Carers support information – Memory Assessment and Management Service – Educational Group

The Memory Assessment and Management Service provide a range of intervention groups. If one is suitable for you, one of our clinicians will discuss this you, and refer you to the group, if appropriate. If you are unable to attend, this resources may be helpful to you and your carers.

Quality Approved Resource logo

This leaflet may not be reproduced in whole or in part, without the permission of Cumbria, Northumberland, Tyne and Wear NHS Foundation Trust

pfd for downloading (17kB)

  • Carers' support information

    This information (and our group) is based on the Wellness Recovery Action Plan (WRAP for short), which was developed to help you cope with life’s challenges (see www.mentalhealthrecovery.com). It covers five concepts, which we will go through in the following.

    This information covers five key concepts:
    – Education
    – Personal responsibility
    – Self-advocacy
    – Hope
    – Supporters

    This information aims to:
    – Provide you with information about dementia
    – Provide strategies to help you stay well, both mentally and
    physically
    – Help you develop an action plan for different problematic
    situations

  • What is dementia?

    Dementia is a common condition that affects approximately 800,000 people in the UK. “Dementia” is an umbrella term that describes a range of symptoms that are associated with an ongoing decline of the brain and its abilities. See below what areas are commonly affected:

    – Memory loss
    – Langauge
    – Thinking speed
    – Understanding and judgement
    – Mental agility

    There are over a hundred different forms of dementia, the most common ones are: Alzheimer’s Disease, Vascular Dementia, Lewy Body Dementia, Frontotemporal Dementia and mixed dementia (when the person has more than one type of dementia). Especially early on, the different dementias impact on abilities differently. Memory problems might not be the first thing that you notice, it could be for example problems with word finding or problem solving.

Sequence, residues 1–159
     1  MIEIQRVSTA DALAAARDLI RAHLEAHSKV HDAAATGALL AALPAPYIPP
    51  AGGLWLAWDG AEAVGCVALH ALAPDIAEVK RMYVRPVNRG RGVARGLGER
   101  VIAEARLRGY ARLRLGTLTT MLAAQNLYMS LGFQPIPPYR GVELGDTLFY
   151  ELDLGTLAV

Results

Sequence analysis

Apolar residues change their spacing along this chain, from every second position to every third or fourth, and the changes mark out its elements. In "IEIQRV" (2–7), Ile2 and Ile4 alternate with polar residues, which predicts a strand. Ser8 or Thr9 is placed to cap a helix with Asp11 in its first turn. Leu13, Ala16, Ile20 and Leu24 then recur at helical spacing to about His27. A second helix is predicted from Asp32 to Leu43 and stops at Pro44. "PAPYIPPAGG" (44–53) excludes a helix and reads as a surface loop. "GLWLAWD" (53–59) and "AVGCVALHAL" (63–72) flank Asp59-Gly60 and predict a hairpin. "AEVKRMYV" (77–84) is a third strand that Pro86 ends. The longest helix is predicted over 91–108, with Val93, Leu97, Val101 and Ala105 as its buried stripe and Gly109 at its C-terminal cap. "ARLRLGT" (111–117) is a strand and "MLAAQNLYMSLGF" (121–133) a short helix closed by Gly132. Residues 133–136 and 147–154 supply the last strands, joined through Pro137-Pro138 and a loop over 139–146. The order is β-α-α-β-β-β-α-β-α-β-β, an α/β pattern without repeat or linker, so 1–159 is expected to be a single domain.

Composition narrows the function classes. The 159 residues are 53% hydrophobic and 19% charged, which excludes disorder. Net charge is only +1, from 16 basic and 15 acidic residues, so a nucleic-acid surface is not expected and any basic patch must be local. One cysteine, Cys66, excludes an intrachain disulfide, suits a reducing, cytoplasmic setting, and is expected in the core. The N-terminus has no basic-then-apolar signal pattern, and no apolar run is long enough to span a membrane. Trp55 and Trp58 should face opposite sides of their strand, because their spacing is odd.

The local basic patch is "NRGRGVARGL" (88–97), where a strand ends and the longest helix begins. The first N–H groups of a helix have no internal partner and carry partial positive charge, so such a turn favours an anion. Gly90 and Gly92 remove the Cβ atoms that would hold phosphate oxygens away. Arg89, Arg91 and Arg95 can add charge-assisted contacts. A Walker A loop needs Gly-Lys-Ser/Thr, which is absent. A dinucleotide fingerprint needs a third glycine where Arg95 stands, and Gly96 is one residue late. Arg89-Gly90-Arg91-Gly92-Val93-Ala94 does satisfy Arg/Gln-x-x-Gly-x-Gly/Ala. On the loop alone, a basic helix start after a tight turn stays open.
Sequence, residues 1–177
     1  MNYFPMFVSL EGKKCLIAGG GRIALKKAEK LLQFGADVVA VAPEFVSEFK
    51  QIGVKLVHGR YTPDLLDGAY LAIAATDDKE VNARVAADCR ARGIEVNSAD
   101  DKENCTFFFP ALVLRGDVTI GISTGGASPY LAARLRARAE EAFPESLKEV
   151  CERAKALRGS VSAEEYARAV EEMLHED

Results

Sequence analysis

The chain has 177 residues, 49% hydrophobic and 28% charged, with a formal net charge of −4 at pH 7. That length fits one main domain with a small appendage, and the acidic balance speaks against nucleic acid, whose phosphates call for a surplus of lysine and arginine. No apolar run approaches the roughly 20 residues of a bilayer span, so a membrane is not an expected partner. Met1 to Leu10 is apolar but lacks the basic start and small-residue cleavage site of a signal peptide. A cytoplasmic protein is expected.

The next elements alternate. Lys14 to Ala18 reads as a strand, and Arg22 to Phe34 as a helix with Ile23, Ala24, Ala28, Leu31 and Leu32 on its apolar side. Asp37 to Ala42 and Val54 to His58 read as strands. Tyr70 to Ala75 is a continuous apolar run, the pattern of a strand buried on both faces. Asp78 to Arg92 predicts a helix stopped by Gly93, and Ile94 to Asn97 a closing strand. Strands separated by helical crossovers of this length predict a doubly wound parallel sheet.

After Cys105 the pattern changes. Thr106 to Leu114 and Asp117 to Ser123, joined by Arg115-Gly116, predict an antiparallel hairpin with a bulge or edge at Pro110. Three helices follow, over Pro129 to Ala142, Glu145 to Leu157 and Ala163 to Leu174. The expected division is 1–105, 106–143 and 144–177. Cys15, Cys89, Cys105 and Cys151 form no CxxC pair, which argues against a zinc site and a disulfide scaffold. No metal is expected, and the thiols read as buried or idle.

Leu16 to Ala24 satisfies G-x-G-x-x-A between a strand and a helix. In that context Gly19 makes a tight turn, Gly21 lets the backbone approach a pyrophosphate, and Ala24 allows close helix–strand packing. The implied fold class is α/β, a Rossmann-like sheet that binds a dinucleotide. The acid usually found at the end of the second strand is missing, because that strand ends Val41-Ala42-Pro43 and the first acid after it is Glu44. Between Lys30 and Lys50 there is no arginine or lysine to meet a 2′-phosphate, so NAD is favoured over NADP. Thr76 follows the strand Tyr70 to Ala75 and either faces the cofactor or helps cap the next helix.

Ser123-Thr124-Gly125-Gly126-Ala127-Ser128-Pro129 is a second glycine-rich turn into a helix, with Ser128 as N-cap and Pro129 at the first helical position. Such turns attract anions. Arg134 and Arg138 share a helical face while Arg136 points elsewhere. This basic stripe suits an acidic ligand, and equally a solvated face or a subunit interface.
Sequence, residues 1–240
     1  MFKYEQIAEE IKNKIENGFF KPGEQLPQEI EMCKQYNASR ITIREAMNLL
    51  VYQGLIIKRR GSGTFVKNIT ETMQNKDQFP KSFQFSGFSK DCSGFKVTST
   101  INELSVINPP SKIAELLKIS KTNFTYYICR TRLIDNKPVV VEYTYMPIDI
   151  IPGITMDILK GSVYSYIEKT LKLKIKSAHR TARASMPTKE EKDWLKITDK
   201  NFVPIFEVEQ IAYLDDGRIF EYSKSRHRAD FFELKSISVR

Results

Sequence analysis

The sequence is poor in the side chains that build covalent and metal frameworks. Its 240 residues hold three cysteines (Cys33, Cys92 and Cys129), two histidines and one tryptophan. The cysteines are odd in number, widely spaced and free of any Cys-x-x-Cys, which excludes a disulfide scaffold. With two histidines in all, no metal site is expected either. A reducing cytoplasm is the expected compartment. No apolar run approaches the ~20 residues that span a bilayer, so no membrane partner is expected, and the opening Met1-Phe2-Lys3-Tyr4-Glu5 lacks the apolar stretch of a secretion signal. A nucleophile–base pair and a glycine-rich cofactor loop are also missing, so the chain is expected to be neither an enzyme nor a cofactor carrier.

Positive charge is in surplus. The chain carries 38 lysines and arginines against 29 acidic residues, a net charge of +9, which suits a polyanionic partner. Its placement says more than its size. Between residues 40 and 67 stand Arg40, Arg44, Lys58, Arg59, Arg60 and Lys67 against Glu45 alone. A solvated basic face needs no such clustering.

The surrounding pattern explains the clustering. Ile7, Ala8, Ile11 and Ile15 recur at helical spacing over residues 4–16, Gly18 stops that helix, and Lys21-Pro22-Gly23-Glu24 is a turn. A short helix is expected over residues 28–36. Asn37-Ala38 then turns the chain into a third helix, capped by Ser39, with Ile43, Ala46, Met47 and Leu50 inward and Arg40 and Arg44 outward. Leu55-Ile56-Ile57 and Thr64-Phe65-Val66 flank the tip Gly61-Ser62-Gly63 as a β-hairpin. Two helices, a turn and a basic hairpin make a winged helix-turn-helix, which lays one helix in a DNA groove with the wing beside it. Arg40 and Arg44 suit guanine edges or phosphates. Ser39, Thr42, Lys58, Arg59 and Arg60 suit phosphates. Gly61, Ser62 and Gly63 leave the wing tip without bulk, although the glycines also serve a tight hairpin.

Often the person’s family and friends will notice the symptoms before the person themselves. Dementia is progressive, which means the symptoms will gradually get worse. How quickly dementia progresses depends on the individual person and also on the type of dementia they have. Each person is unique and will experience dementia in their own way.

    A lot of research is going on to help people with dementia. As yet we have not found a cure. For some types of dementia, for example Alzheimer’s Disease, there is medication that can slow progression down. If we cannot prescribe medication that does not mean that there is nothing that will help.

    The dementia guide
    Healthy living and remaining active is important for everyone. It can help to live independently for longer and also help slow down the dementia progressing. You can find out more information about the different forms of dementia, treatments, support etc. in the Dementia Guide from the Alzheimer’s Society (you were given a copy at the diagnostic appointment).

    You can also download it from the Alzheimer’s Society website or order a paper copy by ringing the Dementia Support Line: 0333 150 3456. The Alzheimer’s Society also produce a wide range of publications and factsheets designed to support and inform anyone affected by dementia
    (see www.alzheimers.org.uk).

    Dementia Friends
    A brilliant way to link up with others and learn more about
    dementia is an offer by the Alzheimer’s Society called Dementia Friends. Dementia Friends is a social action movement that aims to increase understanding of dementia and inspire people to take action to support people affected by dementia in their community. If you are interest in attending a dementia friend’s session please contact [email protected] for further information. Further information can be found at www.dementiafriends.org.uk/

    Dementia UK
    There are other organisations who provide help, such as DementiaUK. They have a helpline for carers Tel: 0800 8886 678, as well as useful resources and videos at www.dementiauk.org/

  • Personal reponsibility

    Looking after and supporting someone can be stressful. It is easier to support someone when we link with other people and groups. We usually advise to contact services in your local area, such as community groups, or offerings from day centres, luncheon clubs or other organisations.